Last fall we shared what we believe is God’s vision for Irving Bible Church—A Transformed People, A Transformed City. In short, we believe God is calling us to pursue a particular future together: in the next five years we want to see rescue and renewal sweep across our city, sparked by the men, women, students, and children of IBC.

A big vision like ours, a five-year vision like ours, might seem like an invitation to take a single gigantic step, to make one drastic change that turns us from what we were into what we will become. And sure, the story of the people of God is marked by those pivotal moments in history that forever alter the course of the community going forward. But to me these seem like the exceptions that prove the rule.

Conversion can happen in a moment, but transformation rarely does. More often, transformation happens over time as the people of God abide in the presence of the one whose hands are skilled, powerful, and patient. Sure, lightning can strike in an instant and reduce a tree to a charred, splintered husk. On the other hand, mountains and canyons don’t form with a crash and a bang, but rather with persistent submission to a transformative force.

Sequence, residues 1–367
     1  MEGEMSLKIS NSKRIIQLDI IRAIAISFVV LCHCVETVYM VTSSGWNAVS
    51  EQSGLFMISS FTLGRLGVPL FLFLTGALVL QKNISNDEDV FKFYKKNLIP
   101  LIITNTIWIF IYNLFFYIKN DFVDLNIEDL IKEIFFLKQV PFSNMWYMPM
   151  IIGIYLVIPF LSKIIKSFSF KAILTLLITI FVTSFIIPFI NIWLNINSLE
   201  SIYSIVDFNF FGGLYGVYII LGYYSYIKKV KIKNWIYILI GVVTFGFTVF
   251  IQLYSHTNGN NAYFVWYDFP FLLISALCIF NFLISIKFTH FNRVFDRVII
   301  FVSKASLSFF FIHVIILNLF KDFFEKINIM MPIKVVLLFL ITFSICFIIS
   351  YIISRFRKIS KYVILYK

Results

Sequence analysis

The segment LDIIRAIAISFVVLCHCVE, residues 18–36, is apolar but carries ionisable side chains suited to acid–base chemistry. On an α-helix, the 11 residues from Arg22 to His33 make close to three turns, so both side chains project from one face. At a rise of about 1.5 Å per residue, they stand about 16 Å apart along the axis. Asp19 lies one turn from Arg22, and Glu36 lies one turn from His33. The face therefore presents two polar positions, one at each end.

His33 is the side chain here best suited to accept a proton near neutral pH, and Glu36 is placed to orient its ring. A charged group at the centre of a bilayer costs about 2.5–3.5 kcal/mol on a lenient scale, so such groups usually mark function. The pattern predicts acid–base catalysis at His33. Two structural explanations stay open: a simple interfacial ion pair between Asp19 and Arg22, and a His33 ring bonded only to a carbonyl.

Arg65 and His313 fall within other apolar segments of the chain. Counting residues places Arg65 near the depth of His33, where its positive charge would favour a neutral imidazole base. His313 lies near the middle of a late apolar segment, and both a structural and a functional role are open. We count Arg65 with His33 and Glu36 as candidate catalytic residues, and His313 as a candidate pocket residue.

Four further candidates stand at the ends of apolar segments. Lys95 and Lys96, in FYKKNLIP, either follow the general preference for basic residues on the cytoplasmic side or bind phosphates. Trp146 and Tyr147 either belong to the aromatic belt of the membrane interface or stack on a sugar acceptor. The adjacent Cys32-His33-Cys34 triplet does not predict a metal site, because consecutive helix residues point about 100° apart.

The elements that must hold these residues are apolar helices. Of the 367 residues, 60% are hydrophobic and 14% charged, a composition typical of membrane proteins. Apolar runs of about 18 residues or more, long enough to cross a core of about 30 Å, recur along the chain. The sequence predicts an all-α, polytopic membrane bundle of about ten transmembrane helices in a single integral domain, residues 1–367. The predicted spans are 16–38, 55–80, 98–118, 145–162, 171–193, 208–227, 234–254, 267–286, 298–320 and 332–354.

So rather than talk about a dramatic lightning strike, today I’d like to talk about a few minutes. That’s all—a few minutes. Specifically, let’s talk about the few minutes we’re going to spend together every week at the communion table going forward.

Yes, for the foreseeable future, we’re going to receive communion together every week in our worship services.

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This is new for us, although we’ve often celebrated communion every week in certain seasons such as Lent and Advent. By and large, we’ve celebrated communion about once a month, which may happen to be more or less often than what you grew up with or have experienced at another church. Whatever your past experiences and present reactions with communion may be, we want to establish this weekly practice as integral to the future of the body of Christ called Irving Bible Church.

The transformation we and our city so desperately need is gospel-shaped—have no doubt about that—and communion has always been a formative practice by which the church actively participates in the gospel story.

As followers of Jesus, missionary disciples, to come to his table in earnest is to come empty-handed. Empty-handed, no longer clinging to the sin that so easily entangles, to the masks we wear to make ourselves more presentable to the world, or to the idols we hide away in the dark recesses of our hearts. We come to the table empty-handed, no gifts to offer, no accomplishments to trumpet, no works or worthiness to justify our presence there. We come to the table empty-handed because it's his table, because he has invited us there, and because with empty hands we can receive his mercy and grace. We come to the table as a community to eat with Jesus.